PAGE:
[Cryptography] Secure parallel hash, with constant time update
Bill Cox
waywardgeek at gmail.com
Mon Oct 13 19:34:47 EDT 2014
On Mon, Oct 13, 2014 at 6:11 PM, Jonathan Katz <jkatz at cs.umd.edu> wrote:
> It is well known (going back to the '90s) that the following function is
> collision resistant if the discrete log problem is hard:
> public constants: g_1, g_2, ..., g_n, all elements mod p
> input: x_1 | x_2 | x_3 | ... | x_n
> output: \prod_i g_i^{x_i} mod p
> A proof for the case of n=2 is in my cryptography textbook. Note that this
> function is also updateable in constant time.
>
Very cool...
> If we model H as a random oracle, we can modify the above to:
> input: x_1 | ... | x_n
> output: \prod_i H(i)^{x_i} mod p
> This has also been suggested in the literature.
>
> You are suggesting instead to look at the construction
> input: x_1 | x_2 | ... | x_n
> output: \prod_i H(i | x_i) mod p
> This has the advantage of being more efficient than the above
> constructions. This, too, is secure -- but was already proposed in the
> paper "A New Paradigm for collision-free hashing: Incrementality at reduced
> cost" available here:
> http://cseweb.ucsd.edu/~mihir/papers/incremental.html
>
> I'm not sure if that's good or bad news vis-a-vis your constructions. =)
>
>
Thanks for point out the paper!
I take it as good news. It means I'm less of a dork than I thought,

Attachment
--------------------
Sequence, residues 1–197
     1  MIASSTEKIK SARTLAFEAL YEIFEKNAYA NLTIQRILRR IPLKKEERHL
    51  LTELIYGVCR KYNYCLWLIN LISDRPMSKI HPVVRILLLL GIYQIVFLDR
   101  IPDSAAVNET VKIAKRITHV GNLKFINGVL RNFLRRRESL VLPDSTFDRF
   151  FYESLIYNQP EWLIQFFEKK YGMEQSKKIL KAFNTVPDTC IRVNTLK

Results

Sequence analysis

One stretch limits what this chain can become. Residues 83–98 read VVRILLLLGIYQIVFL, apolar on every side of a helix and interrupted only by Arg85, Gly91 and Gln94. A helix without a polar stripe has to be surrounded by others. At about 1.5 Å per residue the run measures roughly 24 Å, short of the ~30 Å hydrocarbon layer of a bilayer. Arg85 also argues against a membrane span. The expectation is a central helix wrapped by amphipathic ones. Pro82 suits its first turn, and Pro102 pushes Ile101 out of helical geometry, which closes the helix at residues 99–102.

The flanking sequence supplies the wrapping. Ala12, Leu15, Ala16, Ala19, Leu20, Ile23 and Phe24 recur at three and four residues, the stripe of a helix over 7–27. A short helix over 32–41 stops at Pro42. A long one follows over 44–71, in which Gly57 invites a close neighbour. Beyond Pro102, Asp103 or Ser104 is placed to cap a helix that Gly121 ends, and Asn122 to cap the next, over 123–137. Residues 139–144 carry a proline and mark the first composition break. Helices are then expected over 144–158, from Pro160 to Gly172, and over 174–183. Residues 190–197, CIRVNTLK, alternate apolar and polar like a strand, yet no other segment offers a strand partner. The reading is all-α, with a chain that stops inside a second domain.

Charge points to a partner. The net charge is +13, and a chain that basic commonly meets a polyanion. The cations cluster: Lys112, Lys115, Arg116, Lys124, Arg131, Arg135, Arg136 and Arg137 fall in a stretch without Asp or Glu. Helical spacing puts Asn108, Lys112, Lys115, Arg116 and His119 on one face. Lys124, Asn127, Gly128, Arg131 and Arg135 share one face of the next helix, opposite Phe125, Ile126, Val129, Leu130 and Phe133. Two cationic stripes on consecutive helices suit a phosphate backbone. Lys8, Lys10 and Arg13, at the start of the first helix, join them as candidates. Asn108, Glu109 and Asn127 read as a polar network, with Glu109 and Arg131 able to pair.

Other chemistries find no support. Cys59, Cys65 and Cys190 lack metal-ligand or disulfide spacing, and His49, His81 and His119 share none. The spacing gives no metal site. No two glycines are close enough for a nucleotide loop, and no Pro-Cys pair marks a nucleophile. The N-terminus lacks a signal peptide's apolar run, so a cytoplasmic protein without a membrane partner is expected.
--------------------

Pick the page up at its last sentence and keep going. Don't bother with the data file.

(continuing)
although I wish I had better google-fu. I was going for "parallel" when
"incremental" would have gotten me these results quickly.
It's fun to read these papers knowing about the generalized birthday
attack. My construction is identical to MuHASH, which he proved secure in
the same way. However, he then argues that we can securely use AdHASH,
can't prove it, and instead states similarities between finding collisions
in hashes added together modulo a big number to the modular knapsack
problem, known to be hard. It's a good example of how hand-waving in
crypto can be a bad idea.
Wagner and friends clearly broke AdHASH with his generalized birthday
attack, but I think MuHASH still stands. For example, the 4-element
generalized birthday problem works so long as we throw out any hash values
> M/4, where we're doing modulo M addition. I am a bit surprised that
Wagner's paper spends so much time trying to find weaknesses with
multiplication, but I guess it makes sense if we're talking about weaker
multiplicative groups than integers modulo large primes. I assume he knew
about AdHASH and MuHASH.
In general, the important property of the combining operator seems to be
that it mixes bits cryptographically well. Addition didn't quite get there.
With multiplication, even 2-way, picking two random numbers between 0 and
p-1 that multiply to anything other than astronomically larger than p is on
the easily less likely than 1/sqrt(p) - how's that for had waving :-)
Therefore, we can't throw out all those too-large random numbers and expect
to run faster than sqrt(p) calls to H.
Thanks again for the pointer. Very cool
Bill
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